finds what he learnt back then is still
useful in his current role.
Mr Waters is Chief Executive of Victim Support Services (VSS),
the South Australian non-governmental organisation dedicated
to supporting victims of crime.
"Within the degree I was looking mainly at counseling and
at neuropsychology, and those two strands have obviously
helped me in terms of the current work we do here -- straight
counseling and also how post-traumatic stress disorder affects
the brain, and how that might cause people to react and
behave," Mr Waters said.
"It's been quite useful and quite handy to have that foundation
Regrettably it is violent crime, especially assault, which brings
VSS many of its new clients.
The psychological effects on victims of violent crime are highly
variable and almost impossible to predict, Mr Waters said.
"It can be quite shattering, and it can happen immediately after
the event, or it could happen a year, or five years, later."
As well as providing counseling, VSS plays a major role in
advocacy, both for individual victims and at broader, generic
"We might advocate, for example, for sexual assault or
domestic violence services or we may have a view on where
things are at for child victims of crime; more recently we've been
advocating our views on issues around social networking and
cyberbullying," Mr Waters said.
The VSS also provides up to date information to victims of crime
about matters such as compensation, and much of its role is in
referring people to appropriate sources of assistance.
"What you find is a whole range of things can be affected; it
could be housing, it could be family, it could be dealing with
day-to-day functioning or mental health, so we do a lot of
collaborative work with other organisations, and we try to build
a holistic approach into our case-work management."
Mr Waters said that most victims have little or no experience of
the courts and the criminal justice system.
"Some people are quite anxious and don't know what to expect,
so we provide volunteers to offer court companionship."
VSS was founded 32 years ago as a voluntary organisation, but
now receives substantial government funding to help in running
its services through its main office in Adelaide and a network of
seven regional offices.
Mr Waters, who also has a law degree, describes his job as
complex, fascinating and constantly shifting.
"It's a moving feast, and involves interactions with the other
stake-holders in the criminal justice system, be it the courts, the
Director of Public Prosecutions, Correctional Services, offenders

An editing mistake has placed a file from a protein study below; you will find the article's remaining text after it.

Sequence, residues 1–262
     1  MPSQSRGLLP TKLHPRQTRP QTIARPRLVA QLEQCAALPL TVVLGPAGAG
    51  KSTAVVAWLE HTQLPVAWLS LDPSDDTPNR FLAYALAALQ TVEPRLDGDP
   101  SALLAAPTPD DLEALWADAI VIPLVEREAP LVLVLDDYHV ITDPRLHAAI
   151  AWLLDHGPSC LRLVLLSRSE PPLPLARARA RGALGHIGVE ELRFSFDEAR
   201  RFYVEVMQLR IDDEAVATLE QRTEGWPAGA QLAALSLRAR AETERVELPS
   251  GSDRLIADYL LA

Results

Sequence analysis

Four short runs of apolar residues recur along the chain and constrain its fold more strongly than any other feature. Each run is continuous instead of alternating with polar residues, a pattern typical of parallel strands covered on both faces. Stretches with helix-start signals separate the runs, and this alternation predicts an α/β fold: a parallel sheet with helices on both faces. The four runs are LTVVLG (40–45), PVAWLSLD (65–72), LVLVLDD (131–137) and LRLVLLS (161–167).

or SAPOL," he said.
Mr Waters said that while the media tend to have fixed views
in its portrayal of crime and punishment, many victims are not
bent on revenge.
"There are victims who truly want to be involved in the
rehabilitation of the offender, and there are plenty of people
who realise that offenders offend because of where they come
from -- their childhood, background and terrible things that have
happened to them. Victims are probably more circumspect than
the public knows."
Nonetheless, sentencing and the treatment afforded to victim
impact statements do remain a source of concern.
"There is still a bit of variability as to how judges and courts
treat victim impact statements, and that does sometimes cause
what is technically known as secondary victimisation, so that
the victim gets victimised again, as it were, by the response of
the criminal justice system," Mr Waters said.
"We would like to work towards a minimum standard, or a
In addition to Mr Waters' background, there is another Flinders
link to VSS, with several students from the University's social
work and criminal justice degrees joining the organisation for
"We are very serious about our obligations, and we try to
provide an intensive placement in terms of a range of social
work experience by integrating students seamlessly into the
team," Mr Waters said. One former placement student and
recent social work graduate, Alex Clarke, now works part-time
Mr Waters said the criminial justice students typically undertake
small research projects, such as compiling a compendium of
crime statistics, that can inform VSS in its activities.
"It helps us get across a topic," Mr Waters said.
VSS can always use all the help it can get, Mr Waters said, and
he urges anyone interested in the organisation's work to assist
by becoming a member, volunteering or donating. The website
is at www.victimsa.org